You could say:

Rules Weight = Rules Used x Number of Players / Players who Know The Rules

A good example of this is my DF game. It's rules-medium.

It's not rules-heavy, as we've tossed many special cases and optional rules out of the window. We only use rules if they fit the specific challenges of the game. Damage to items, special grappling rules, special rules for combat, hundreds of magical spells, etc. are all in. Many other rules are out.

Even so, it requires a lot of player buy-in to learn the rules. We get this to a varying extent, from people relying on memories of previous play to those meticulously looking up the rules. The less people learn the rules, the slower the game plays. People need to deal with combat modifiers, defense and offense rules changes, spell lookups, effects of stats and skill levels on effects of spells and rolls, etc. Since we don't get 100% buy-in on learning everything, it slows things down.*

On the other hand, GURPS Gamma Terra aka 20th Homeland aka Gamma World+ (it's Gamma World, don't doubt that for a second) is rules-light.

Our character sheets, one equipment list, and one handout page covers all of our skills and abilities, stuff we can buy with XP, our campaign details, combat rules from range bands to ROF, etc. Maybe once a session we need to consult rules about setting things on fire or Aim bonuses or shooting from Prone. That's it. This has low player rules knowledge requires. Nothing is really slow, because there isn't anything to look up and very little to consider. Similarity between PCs means we can tell each other the required rolls.

My old GURPS game was more rules-heavy, and needed even more buy-in. You needed to invest more time in learning how the rules worked just to offload the responsibility of knowing them from the GM and other players. Someone had to know the rules if you didn't.

So whenever I think about rules weight and adding or subtracting rules, I do it with this idea that the players need to put some work in. If they're not going to do it, even a mechanically superior and campaign-superior rule is going to subtract more than it adds.

* We're hoping a switch to the DFRPG rules set with a single house rules handout for add-ons will help this. I expect so, but it won't be perfect. Players will still need to read the rules set to make the play speed as fast as it could be!

Sunday, August 6, 2017

DF Felltower - Special Thanks Goes To . . .

I'm away, so no Felltower today, but I generally have a game summary or a Felltower post up on Sunday, and it's Sunday.

This is more of a special thanks post.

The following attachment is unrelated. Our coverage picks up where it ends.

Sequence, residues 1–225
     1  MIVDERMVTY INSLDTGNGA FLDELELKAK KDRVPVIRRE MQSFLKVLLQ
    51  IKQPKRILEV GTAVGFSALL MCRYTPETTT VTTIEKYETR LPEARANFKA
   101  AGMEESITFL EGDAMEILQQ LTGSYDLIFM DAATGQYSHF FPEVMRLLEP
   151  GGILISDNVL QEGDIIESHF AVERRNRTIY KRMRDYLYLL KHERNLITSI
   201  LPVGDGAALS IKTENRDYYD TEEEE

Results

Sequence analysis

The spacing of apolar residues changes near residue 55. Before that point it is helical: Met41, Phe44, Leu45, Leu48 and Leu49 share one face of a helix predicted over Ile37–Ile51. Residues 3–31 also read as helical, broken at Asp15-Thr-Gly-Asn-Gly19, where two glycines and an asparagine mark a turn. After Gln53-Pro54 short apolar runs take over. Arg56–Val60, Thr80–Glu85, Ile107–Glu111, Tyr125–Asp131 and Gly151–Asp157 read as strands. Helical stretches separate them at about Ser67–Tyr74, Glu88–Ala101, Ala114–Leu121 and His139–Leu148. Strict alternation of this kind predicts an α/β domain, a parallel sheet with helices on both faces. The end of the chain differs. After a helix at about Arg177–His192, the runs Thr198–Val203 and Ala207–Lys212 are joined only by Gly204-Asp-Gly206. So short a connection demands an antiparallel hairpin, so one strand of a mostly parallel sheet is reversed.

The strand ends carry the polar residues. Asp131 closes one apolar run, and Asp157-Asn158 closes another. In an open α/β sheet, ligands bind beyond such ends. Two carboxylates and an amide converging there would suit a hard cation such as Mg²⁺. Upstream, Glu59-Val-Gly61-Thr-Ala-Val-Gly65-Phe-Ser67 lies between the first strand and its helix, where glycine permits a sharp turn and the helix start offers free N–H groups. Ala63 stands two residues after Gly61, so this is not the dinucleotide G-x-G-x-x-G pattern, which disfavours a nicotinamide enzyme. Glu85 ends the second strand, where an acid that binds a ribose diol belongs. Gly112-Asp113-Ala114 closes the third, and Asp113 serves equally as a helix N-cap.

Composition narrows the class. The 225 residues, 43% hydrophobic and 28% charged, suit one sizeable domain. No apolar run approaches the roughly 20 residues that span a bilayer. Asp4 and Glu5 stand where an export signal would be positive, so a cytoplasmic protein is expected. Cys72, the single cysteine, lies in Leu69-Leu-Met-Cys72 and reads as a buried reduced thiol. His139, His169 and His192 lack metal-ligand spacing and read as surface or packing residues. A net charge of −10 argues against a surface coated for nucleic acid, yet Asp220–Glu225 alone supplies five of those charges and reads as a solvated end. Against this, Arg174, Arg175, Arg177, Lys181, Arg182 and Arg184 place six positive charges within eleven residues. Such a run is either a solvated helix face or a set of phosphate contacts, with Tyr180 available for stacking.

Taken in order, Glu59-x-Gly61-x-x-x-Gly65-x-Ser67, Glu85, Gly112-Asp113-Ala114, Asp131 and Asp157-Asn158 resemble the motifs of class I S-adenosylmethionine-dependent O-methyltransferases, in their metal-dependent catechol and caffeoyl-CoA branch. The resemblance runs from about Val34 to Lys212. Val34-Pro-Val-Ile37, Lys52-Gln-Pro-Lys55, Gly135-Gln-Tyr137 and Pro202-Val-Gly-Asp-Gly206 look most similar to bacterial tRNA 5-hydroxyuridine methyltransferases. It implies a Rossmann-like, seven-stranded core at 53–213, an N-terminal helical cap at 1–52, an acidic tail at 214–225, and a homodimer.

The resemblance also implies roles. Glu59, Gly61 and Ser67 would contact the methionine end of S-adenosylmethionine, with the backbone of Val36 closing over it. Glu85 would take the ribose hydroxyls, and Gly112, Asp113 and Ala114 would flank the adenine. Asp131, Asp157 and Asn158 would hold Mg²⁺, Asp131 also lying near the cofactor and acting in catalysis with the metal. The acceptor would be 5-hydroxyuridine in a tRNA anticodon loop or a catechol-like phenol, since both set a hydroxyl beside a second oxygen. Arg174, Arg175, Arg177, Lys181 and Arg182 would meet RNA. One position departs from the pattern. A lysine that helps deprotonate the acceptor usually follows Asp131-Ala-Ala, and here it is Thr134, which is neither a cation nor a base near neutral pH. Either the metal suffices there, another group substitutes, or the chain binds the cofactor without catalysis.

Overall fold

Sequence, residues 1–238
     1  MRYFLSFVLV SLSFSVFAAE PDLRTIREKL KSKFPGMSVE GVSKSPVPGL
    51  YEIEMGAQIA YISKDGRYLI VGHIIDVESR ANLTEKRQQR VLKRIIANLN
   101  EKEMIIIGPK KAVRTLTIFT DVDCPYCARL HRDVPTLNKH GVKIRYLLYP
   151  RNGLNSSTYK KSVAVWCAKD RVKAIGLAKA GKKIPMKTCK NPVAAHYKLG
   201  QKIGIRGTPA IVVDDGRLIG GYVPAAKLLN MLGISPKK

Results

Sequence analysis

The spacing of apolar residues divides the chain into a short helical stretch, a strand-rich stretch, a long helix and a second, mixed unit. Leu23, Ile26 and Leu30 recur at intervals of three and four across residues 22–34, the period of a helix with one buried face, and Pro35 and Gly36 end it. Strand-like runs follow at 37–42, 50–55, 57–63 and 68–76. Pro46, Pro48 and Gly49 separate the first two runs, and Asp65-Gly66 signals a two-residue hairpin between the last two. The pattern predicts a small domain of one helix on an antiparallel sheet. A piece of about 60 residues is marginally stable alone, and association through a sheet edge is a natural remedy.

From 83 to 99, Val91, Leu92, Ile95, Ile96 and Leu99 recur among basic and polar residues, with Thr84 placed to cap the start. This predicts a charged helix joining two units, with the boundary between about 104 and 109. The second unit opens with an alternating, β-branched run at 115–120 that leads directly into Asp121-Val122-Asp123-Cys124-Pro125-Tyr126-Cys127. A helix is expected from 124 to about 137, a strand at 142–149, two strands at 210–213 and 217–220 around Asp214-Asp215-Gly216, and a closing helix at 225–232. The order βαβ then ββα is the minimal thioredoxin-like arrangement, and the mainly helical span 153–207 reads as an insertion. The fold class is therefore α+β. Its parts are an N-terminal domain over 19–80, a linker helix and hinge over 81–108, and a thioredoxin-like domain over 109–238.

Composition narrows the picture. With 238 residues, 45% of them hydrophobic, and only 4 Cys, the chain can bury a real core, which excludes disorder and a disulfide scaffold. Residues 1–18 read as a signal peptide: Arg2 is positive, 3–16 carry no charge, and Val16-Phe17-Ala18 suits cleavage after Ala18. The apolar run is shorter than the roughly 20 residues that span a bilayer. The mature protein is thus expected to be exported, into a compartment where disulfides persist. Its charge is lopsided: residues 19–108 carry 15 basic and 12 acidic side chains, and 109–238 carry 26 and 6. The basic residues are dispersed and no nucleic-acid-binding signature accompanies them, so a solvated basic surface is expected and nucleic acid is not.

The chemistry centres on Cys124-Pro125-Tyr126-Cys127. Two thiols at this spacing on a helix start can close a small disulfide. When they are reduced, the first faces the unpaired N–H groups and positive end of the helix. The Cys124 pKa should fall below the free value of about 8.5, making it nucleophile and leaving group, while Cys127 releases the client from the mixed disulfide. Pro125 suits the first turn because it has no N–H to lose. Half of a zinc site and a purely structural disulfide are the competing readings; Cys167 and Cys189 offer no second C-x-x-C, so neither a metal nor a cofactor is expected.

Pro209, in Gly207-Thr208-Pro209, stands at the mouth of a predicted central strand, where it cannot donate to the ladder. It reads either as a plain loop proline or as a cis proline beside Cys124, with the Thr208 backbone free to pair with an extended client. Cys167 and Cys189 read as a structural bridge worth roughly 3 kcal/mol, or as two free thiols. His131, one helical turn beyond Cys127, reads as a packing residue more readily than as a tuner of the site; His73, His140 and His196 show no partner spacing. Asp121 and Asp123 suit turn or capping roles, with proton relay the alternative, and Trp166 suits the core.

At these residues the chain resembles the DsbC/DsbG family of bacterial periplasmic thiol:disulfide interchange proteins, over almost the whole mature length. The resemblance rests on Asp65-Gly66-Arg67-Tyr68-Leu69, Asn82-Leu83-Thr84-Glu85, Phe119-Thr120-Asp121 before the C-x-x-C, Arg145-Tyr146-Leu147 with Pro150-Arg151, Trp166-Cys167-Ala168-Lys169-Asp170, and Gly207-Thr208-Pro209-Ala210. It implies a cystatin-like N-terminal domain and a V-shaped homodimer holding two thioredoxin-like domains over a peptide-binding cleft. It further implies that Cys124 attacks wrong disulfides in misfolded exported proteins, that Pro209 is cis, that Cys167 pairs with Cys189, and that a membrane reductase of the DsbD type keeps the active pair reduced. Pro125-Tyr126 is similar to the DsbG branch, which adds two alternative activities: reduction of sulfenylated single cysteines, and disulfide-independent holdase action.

A megadungeon game is a combination of the new and the iterative. You find new stuff, you deal with old stuff again and again. With a rotating cast of players, 70+ sessions in the dungeon, 90+ sessions of play, hundreds of encounters, six plus years of play, and many hundreds of rumors, it's hard to keep track of everything. Some things the vets know but the newer guys don't, and vice-versa, and not all of that matches or is in fact remotely accurate. Too much is the telephone game in a knowledge-sparse setting.

I try to help by tracking some bits for the players:

- I write game summaries. They're entertaining for readers, but they're really reference documents for actual play. That's probably why they are entertaining, actually.

- I track the monsters encountered.

- I keep track of all of the rumors heard and keep an updated copy.

- I keep updated character sheets for everyone. Well, not their equipment (too fluid) but their stats and spells.

But tying it all together? Not my job. Partly that's laziness (I won't do it) and partly that's specific game approach choice (it's a player-facing challenge, not a character or GM facing challenge.)

One of our players, though, has taken it upon himself to start to tie things together. Vic, who joined our group after discovering us online and overcoming our fear of getting axe-murdered by some random internet stranger, has started to pull everything together.

He has been:

- redrawing maps into single maps, taking the pieces drawn separately (like parts of one level accessed by different approaches), parts accidentally mapped twice, and parts just fading with age, and redrawing them.

- reading the game summaries again and again to check them against the maps and make lists of what was mysterious, not taken advantage of, or what really has been done.

- tracking the rumors himself to compare to events in the current and past sessions.

For all of this I gave his PC a bonus point in Cartography, but it's paid off in-game a couple times for the players. He insisted on checking some rooms for treasure that everyone assumed the vets had looted (they hadn't), pushed to solve the statue puzzle (and found a Ring of Pro, er, Death, for his trouble), pushed to check a staircase that a mapping error had indicated went somewhere thoroughly explored and instead lead to a key to the Giant Freaking Staircase, and has generated a few leads on treasures never followed up on.

I'm not sure if he'd planning on doing this for the Cold Fens, Caves of Chaos, and Lost City of D'Abo as well. I hope so. They're all tied together in one interlocking campaign. The PCs went from stuck, feeling like they'd dead-ended, into having more to do than they can possibly finish in a year of gaming. That probably makes him MVP in a campaign sense at the moment. So, thanks for that Vic.

Friday, August 4, 2017

Bones IV Kickstarter thoughts

As I mentioned the other day, I got in on the Bones IV Kickstarter.